Nostalgia and fun for the Manse

Did you have one of these? A Chinese checkers game on one side of the round, flat tin, a checkers game on the other, and all the playing pieces stored inside. Hours of fun at very little cost!

The other side of the Chinese checkers board. We found it at an antique mall in Stratford, Ont., last weekend. “We had one of these!” exclaimed the clerk as she was doing the checkout. Didn’t we all?

Raymond and I adore visiting antique malls, flea markets and, yes, yard sales. (And auctions, of course, as I reported here.) Not for us (at least, not usually) the high-end antique stores with fine wooden 18th-century pieces of furniture that cost thousands of dollars. No, we’re the cheap and cheerful types. We have bought furniture at the antique malls and so on, but it tends to be mid-century – that would be mid-20th-century – stuff: mission, art deco, Scandinavian. Cool stuff, and much less expensive than the really old things. And of course these pieces come from the era when we were young, so they ring a nostalgic bell.

A vintage copy of the Parker Brothers game Pit, which we used to play with my cousins the Paynes. Picked up at an antique barn in New England for a mere $7!

And most of the time it’s not furniture we buy, but little things: the Fire-King glass that I collect, or Blue Heaven china, or a set of fish knives, or old games and decks of cards; I am particularly fond of old menus from restaurants, airplanes and cruise ships, and I have quite a few of those. Oh yes, and of the course the occasional book. (Ahem. See Exhibit A: our Montreal living room before we moved a bunch of the books to the Manse.)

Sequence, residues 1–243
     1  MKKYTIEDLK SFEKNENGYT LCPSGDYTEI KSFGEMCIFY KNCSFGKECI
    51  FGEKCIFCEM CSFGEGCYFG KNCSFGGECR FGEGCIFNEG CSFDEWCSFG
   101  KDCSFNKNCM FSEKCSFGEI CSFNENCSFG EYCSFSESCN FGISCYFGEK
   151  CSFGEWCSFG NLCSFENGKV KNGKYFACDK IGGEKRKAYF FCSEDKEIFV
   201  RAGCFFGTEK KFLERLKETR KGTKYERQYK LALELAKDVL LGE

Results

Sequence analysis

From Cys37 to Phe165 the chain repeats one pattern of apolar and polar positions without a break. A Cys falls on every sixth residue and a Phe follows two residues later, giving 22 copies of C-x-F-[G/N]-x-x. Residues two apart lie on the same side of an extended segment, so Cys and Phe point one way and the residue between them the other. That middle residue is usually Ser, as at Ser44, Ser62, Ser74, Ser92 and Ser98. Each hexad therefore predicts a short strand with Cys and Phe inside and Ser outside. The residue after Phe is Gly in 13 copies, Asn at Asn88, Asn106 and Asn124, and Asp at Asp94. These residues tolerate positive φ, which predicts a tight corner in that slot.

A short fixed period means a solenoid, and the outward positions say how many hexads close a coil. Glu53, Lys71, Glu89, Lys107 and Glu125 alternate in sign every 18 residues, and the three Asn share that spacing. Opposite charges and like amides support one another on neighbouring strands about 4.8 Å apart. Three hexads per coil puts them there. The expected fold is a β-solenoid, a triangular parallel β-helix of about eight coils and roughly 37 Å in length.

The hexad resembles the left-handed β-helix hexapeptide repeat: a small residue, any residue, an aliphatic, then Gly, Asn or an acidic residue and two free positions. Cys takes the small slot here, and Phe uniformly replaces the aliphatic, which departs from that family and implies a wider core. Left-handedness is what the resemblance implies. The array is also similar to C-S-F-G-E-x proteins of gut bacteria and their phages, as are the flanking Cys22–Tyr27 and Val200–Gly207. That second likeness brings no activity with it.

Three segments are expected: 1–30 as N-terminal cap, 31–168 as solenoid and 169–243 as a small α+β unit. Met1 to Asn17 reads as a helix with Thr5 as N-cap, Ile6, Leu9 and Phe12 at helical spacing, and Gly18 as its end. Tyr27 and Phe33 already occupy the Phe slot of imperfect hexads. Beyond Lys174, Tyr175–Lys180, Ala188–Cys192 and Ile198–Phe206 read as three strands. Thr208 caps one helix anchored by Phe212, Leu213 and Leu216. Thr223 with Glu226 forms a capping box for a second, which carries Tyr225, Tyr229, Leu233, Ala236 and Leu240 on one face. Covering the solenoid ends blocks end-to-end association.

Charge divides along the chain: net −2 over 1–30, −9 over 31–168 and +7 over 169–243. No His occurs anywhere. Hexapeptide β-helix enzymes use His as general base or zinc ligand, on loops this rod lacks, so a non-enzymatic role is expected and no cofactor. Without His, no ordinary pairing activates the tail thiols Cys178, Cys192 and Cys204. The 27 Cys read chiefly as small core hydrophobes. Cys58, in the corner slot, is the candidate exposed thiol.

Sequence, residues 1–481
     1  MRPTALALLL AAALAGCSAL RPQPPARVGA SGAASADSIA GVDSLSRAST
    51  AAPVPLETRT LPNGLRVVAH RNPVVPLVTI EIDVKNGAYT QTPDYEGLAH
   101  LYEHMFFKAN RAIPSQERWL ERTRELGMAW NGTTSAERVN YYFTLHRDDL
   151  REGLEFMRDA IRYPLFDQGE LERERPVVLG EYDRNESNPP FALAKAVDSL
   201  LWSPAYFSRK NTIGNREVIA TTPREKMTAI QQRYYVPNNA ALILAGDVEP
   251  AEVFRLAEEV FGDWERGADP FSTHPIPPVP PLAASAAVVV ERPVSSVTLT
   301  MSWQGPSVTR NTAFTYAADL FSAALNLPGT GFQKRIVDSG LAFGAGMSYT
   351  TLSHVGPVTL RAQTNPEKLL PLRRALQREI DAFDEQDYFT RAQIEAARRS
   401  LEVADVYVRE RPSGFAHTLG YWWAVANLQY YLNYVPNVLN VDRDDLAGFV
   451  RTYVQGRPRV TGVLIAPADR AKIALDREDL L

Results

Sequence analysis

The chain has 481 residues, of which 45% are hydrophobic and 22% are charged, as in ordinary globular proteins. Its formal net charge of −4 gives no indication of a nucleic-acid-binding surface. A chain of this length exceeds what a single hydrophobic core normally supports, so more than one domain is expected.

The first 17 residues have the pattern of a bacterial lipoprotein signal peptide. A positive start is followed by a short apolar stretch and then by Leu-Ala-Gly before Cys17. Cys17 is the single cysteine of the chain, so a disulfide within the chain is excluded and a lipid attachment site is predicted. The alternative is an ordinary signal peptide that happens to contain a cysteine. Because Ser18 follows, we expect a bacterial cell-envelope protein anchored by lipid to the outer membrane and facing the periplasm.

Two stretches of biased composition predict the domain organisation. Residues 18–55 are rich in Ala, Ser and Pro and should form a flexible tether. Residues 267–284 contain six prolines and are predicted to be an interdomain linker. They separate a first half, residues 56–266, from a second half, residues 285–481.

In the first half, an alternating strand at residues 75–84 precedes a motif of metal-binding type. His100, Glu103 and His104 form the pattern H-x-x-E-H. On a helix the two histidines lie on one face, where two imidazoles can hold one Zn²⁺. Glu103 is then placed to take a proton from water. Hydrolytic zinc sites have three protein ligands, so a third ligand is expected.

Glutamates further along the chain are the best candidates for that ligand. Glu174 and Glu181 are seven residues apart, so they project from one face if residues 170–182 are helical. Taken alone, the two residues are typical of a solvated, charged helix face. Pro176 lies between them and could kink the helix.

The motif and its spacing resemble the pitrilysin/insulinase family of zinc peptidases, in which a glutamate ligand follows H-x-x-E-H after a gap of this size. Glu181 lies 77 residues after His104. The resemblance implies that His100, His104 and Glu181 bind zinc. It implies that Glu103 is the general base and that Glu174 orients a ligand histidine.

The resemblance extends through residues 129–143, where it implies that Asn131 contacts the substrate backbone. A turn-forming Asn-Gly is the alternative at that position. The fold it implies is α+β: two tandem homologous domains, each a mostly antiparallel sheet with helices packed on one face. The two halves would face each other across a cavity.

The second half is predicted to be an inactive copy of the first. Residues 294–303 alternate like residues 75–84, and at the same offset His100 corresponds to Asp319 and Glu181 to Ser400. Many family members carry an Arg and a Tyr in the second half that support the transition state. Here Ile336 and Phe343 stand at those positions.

Now that we own the Manse, a house that is already filled with mid-century memories for me because that’s the period in which I grew up in it, we have a perfect place to put all these finds. Funny: I’ve been picking up these bits and bobs for years, yet only bought the Manse this past January. It’s almost like I knew ahead of time that there’d be a place for them!

Here are some of our more recently acquired sweet small treasures:

A map-of-North-America wastebasket, which I found at the Aberfoyle Antique Market in Aberfoyle, Ont., and that is a dead ringer for one that my dad used to have in his study at the Manse. Guess where this one’s going to end up.

Noxzema the way it used to be. The bottle inside is full – has never been opened! This is what my mum always used to put on our sunburns.

Found in Stratford, Ont.: a bottle of Skrip, which bills itself as “writing fluid” and “the successor to ink,” but that I recall my father always using as … ink. For the fountain pen he always had ready to hand. It was made in Goderich, Ont.

Vintage soft-drink (“pop,” if you must) bottles, all found last weekend in Stratford: Hires root beer, Pure Spring ginger ale, and Wilson’s ginger ale. Where are they now? Gone, all long gone. But at least the bottles will live on in some nook at the Manse.

I hope these little finds bring back some memories to readers as well. It sure is fun to hunt this stuff down. As Raymond and I often ask ourselves: who has more fun than we do?

15 thoughts on “Nostalgia and fun for the Manse

  1. Oh, and have I told you about my New England Moxie collection? Seven ounce bottles from several eras; quart bottles; an original six-pack; a serving tray; and, best of all, a Ted Williams promotional poster. I am so proud, even though I can’t drink the vile stuff.

  2. Oh, and a Moxie 5-cent sign. Once, in Bucksport, Maine, I bought a bottle for Katherine. One has to partake of local flavours after all. I think she never made it beyond the first sip.

    • Funny you should mention that, Jim! I did see one at an antiques warehouse just the other day and thought about getting it, but decided it could wait for another time. Obviously if the Manse is to reflect the era, there has to be a crokinole board. But listen, you’re a smart guy, so maybe you can answer me this: why does it always hurt your fingers more than it should when you fire off one of the pieces in crokinole? Is it some sort of reverberative effect? That has always been one of the mysteries of the universe, to my mind.